New paper: Effects of environmental properties on sand wave morphology
The bed in shallow shelf seas is not flat but composed of large bedforms with length scales up to 100- 1,000s of meters (Figure). A good understanding of such bed forms, such as sand waves, is of key importance for shipping safety, offshore constructions, and the deployment of cables and pipelines.
In order to explain the spatial variation in the morphology of equilibrium sand waves on continental shelves with processes and local bed conditions, John Damen et al. (2018) present a high-resolution analysis of sand wave dimensions, measured through multibeam echo soundings at the Dutch North Sea. The dimensions are related to environmental properties, using hydrodynamic models and databases and sedimentary data.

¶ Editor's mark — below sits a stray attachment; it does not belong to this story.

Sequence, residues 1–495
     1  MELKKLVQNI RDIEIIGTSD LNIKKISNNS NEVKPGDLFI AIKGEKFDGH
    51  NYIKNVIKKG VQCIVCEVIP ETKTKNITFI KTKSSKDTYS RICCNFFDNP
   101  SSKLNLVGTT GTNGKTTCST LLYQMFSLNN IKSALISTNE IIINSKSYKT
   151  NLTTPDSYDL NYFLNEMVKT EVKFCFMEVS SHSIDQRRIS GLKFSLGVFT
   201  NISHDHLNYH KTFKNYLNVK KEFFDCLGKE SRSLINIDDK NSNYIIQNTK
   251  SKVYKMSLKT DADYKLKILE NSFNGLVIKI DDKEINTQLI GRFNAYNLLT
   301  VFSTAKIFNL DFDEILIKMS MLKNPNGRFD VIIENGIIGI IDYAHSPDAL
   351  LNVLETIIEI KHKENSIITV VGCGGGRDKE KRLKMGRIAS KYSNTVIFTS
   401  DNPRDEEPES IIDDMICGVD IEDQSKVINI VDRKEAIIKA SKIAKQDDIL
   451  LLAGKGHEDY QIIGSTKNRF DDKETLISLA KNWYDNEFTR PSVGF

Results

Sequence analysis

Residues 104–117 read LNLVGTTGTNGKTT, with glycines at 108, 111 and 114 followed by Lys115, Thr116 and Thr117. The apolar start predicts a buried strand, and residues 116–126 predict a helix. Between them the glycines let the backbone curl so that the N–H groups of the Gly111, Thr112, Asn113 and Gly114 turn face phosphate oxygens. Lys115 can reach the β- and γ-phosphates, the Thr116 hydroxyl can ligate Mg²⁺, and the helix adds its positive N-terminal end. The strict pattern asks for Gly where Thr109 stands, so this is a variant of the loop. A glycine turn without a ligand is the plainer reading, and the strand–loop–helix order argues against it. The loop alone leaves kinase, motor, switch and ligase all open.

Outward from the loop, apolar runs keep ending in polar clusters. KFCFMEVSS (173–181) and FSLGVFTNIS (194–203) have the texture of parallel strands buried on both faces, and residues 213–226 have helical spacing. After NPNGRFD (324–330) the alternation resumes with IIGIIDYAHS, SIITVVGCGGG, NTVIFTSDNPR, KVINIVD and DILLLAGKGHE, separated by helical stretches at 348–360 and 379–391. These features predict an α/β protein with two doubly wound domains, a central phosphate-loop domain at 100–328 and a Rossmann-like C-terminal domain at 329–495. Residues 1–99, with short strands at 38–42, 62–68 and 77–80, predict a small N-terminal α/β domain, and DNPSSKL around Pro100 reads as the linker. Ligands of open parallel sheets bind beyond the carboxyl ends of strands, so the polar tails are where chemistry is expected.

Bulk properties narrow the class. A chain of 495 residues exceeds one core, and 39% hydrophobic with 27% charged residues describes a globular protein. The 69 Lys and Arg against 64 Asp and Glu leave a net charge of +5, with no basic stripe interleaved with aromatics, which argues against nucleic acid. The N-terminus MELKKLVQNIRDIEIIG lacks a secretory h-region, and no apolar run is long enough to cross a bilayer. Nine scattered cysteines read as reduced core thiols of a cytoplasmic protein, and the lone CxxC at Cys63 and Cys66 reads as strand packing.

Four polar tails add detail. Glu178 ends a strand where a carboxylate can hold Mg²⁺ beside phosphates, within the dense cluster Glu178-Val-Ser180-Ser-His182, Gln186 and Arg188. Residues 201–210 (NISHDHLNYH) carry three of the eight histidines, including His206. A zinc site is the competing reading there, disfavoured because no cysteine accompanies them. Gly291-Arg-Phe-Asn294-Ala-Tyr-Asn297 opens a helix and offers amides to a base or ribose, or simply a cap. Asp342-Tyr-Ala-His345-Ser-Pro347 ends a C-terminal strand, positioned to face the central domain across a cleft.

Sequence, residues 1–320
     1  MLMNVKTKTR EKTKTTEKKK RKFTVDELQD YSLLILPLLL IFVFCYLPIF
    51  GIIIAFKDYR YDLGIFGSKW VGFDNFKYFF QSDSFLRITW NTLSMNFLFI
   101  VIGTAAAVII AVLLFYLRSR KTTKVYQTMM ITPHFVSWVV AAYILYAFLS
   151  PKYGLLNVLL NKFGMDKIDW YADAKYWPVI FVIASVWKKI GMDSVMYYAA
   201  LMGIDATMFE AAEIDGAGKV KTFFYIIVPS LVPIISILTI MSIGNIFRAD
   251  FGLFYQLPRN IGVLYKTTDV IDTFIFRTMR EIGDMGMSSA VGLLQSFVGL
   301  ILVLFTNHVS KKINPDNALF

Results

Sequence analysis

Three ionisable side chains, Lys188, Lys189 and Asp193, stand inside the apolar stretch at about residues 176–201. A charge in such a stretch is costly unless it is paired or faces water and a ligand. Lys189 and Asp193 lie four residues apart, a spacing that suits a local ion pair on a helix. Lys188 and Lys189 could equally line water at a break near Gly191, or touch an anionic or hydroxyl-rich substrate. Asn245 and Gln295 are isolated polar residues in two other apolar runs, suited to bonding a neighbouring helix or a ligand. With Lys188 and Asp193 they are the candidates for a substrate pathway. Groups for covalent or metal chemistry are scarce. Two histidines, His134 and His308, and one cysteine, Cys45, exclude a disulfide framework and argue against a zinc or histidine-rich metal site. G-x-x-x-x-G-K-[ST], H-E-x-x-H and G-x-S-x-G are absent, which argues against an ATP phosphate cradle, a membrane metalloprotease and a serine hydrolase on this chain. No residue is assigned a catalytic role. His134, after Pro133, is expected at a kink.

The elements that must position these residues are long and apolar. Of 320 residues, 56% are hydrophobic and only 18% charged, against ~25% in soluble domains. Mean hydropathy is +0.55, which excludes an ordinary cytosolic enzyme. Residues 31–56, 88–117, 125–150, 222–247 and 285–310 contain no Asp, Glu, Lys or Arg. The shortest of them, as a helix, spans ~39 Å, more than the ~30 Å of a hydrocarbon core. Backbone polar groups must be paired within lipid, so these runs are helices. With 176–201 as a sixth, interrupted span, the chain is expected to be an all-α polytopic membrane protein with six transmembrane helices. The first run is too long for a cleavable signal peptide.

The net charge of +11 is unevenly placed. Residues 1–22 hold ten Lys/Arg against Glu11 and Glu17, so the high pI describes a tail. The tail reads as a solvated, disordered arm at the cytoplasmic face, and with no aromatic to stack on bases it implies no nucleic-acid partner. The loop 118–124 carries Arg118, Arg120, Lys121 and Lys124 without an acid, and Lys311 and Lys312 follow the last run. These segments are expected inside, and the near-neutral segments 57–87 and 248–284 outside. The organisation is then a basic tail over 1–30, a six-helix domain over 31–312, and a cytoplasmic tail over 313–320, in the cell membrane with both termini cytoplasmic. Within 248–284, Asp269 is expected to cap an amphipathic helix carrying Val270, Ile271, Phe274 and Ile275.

A key result is that the mode of sediment transport (bed load or suspended) is a dominant factor in explaining sand wavelength, height, and asymmetry. The full database of sand wave dimensions in the Netherlands Continental Shelf stored online (open access). These data and results are highly valuable for applied offshore engineering projects and to modellers for validating their morphodynamic model results.
The full paper and a link to the data repository can be found at the website of Journal of Geophysical Research: Earth Surface.
Published 27th February 2018.
Figure: Water depth of the Netherlands Continental Shelf, bed forms at various scales.